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What Drives Fixed Mortgage Rates?

The Federal Funds Rate & Fixed Mortgage Rates

The Federal Funds Rate sets the interest rate banks charge each other on overnight loans made to meet reserve requirements. The Federal Funds Rate also determines the Prime Rate, upon which many business and consumer loans are based. When the Federal Funds Rate is low, the Fed is attempting to promote economic growth. When it is high, the Fed is attempting to dampen inflation. Manipulating the Federal Funds Rate is one way the Federal Reserve manages its dual charter of fostering maximum employment and maintaining stable prices.

U.S. mortgage rates are not set by the Federal Reserve. There is no direct connection. Want proof? In November, 2008 the average thirty year mortgage rate was 5.70% higher than the Federal Funds Rate. In July, 1973 it was 2.35% lower. If the Federal Funds Rate were truly linked to U.S. mortgage rates, the spread between the two rates would be a lot more consistent.

So what does determine long term mortgage rates?

Mortgage-Backed Securities, U.S. Treasury Rates & Fixed Mortgage Rates
Few lenders keep the mortgage loans they make. Most loans are sold on the secondary mortgage market in large portfolios called mortgage-backed securities (MBS). 15 and 30 year mortgage rates are determined by the yield investors demand on mortgage-backed securities. MBS’s compete with other fixed rate investments for investment dollars, primarily U.S. Treasury notes and bonds. Treasuries are guaranteed by the U.S. government, so they are less risky and their yields are generally lower than mortgage-backed securities. Consequently fixed mortgage rates, based on MBS rates, usually average about 1.70% higher than 10 year Treasury notes. The correlation between U.S. Treasury rates and mortgage rates is pretty clear:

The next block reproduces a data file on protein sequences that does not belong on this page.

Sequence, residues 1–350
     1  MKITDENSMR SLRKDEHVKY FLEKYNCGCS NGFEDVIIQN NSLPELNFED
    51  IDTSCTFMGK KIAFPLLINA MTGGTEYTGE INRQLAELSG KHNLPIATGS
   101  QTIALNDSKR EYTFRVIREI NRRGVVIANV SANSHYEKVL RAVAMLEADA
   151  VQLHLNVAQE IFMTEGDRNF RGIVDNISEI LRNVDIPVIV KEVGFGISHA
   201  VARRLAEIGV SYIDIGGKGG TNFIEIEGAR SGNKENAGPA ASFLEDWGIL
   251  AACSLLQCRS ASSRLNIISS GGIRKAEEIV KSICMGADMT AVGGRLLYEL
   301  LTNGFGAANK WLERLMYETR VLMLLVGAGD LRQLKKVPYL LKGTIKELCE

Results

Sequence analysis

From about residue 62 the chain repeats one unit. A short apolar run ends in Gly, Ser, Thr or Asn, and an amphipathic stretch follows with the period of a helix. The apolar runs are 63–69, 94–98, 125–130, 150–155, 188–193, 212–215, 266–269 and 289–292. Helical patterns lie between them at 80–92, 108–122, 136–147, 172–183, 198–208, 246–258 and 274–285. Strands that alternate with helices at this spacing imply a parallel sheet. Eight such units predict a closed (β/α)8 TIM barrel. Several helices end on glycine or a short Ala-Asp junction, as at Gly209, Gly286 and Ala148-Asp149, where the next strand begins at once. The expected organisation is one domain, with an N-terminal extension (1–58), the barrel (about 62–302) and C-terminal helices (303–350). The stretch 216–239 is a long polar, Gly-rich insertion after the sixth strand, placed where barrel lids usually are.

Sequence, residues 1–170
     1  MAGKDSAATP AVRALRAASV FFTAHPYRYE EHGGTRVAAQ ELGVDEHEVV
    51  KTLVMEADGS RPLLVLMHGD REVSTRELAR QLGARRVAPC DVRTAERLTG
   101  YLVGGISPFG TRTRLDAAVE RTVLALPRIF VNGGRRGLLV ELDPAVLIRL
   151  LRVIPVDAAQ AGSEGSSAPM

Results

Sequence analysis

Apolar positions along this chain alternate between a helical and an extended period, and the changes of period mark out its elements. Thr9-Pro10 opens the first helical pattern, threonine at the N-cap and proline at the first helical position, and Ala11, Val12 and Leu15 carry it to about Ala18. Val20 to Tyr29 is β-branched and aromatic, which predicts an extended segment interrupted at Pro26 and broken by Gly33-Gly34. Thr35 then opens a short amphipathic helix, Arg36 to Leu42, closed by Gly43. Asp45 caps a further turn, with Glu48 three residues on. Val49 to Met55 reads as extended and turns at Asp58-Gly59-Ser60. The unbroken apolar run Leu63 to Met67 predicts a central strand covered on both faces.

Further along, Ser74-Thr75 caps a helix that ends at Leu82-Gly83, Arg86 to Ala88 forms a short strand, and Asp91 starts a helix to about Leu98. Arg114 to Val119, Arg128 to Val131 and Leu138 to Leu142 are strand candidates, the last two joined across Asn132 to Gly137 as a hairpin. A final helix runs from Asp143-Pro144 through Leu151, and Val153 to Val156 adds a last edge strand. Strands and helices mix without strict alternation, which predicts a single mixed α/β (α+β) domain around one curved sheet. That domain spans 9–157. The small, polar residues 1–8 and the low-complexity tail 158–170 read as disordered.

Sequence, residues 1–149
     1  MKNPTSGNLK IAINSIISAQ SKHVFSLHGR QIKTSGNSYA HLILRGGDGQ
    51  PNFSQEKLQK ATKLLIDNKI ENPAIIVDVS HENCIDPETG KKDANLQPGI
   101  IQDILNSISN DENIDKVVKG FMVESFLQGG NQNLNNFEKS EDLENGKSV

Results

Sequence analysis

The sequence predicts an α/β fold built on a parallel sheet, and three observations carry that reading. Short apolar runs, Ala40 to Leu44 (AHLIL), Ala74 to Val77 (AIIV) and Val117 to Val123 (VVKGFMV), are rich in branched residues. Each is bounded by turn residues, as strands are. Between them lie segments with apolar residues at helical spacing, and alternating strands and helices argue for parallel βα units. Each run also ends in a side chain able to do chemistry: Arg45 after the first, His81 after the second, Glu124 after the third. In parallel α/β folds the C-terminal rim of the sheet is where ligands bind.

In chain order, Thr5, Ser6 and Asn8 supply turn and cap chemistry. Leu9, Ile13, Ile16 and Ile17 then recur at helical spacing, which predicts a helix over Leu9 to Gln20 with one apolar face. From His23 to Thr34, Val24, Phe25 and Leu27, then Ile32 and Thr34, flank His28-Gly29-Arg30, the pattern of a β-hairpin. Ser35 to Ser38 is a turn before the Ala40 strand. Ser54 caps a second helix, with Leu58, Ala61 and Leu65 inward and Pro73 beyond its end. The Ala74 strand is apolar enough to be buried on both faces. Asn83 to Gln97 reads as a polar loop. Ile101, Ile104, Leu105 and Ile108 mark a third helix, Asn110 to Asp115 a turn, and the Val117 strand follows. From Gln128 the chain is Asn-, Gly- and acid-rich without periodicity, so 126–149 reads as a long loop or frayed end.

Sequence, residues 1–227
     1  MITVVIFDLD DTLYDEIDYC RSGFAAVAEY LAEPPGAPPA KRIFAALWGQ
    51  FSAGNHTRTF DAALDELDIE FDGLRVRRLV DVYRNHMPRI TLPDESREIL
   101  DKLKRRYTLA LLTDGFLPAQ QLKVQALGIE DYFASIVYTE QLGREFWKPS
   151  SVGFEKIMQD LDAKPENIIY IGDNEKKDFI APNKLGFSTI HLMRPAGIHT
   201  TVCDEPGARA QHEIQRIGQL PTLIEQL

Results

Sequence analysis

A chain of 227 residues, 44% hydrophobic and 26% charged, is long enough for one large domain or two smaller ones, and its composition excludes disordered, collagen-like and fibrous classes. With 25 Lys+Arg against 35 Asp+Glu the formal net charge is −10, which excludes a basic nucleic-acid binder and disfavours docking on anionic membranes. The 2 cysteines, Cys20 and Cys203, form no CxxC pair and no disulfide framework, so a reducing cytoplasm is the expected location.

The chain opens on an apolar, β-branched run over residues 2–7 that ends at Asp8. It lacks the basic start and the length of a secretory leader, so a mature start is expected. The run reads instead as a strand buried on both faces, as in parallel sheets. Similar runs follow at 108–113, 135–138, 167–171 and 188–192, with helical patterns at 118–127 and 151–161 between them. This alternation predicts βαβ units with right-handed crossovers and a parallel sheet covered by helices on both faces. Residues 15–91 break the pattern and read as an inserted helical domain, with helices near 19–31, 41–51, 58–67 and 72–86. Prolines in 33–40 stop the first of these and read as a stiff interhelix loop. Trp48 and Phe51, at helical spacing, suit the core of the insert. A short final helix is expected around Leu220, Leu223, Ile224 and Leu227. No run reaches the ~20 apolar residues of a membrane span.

So what determines U.S. Treasury yields?

Many things.

Market expectations about inflation heavily influence Treasury yields. So if the Federal Reserve indicates that inflation is expected to rise because of positive job reports, GDP numbers, or anything else, Treasury yields, and mortgage-backed security yields that compete with Treasuries, tend to rise. Conversely, when the Fed outlook is generally negative, rates tend to fall. The correlation between inflationary expectations and mortgage rates is clear. When inflationary expectations are high, rates are high. When inflationary expectations are low, rates are low. So listen to what the Fed says about inflation.

What else has a big effect on rates?

International stability.

U.S. Treasuries are a safe investment in an uncertain world because the U.S. government guarantees them. When investors seek the safety of Treasuries, the price goes up and the yield goes down. For instance, investors fled from European investments after Great Britain voted to leave the European Union last summer, and the 10-year Treasury note yield fell to 1.46% on July 1, 2016. And when investors sell Treasuries to invest in stocks, real estate, or non-U.S. investments, the yield rates go up. After the 2016 U.S. elections many investors sold Treasuries to buy stocks because they thought potential tax cuts, deregulation, and economic stimulus packages made stock more attractive. The 10 year Treasury yield quickly rose from 1.80% to 2.30%, and thirty year mortgage rates rose 0.50%.

What does this mean for your mortgage?

If you are about to refinance or purchase a new home, don’t fuss over Federal Reserve activities. Instead, watch the French elections next month. Should La Pen’s nationalist agenda win and France also decides to leave the E.U., billions may again flow into Treasuries, and mortgage rates would drop.

Or maybe not.

What do you think?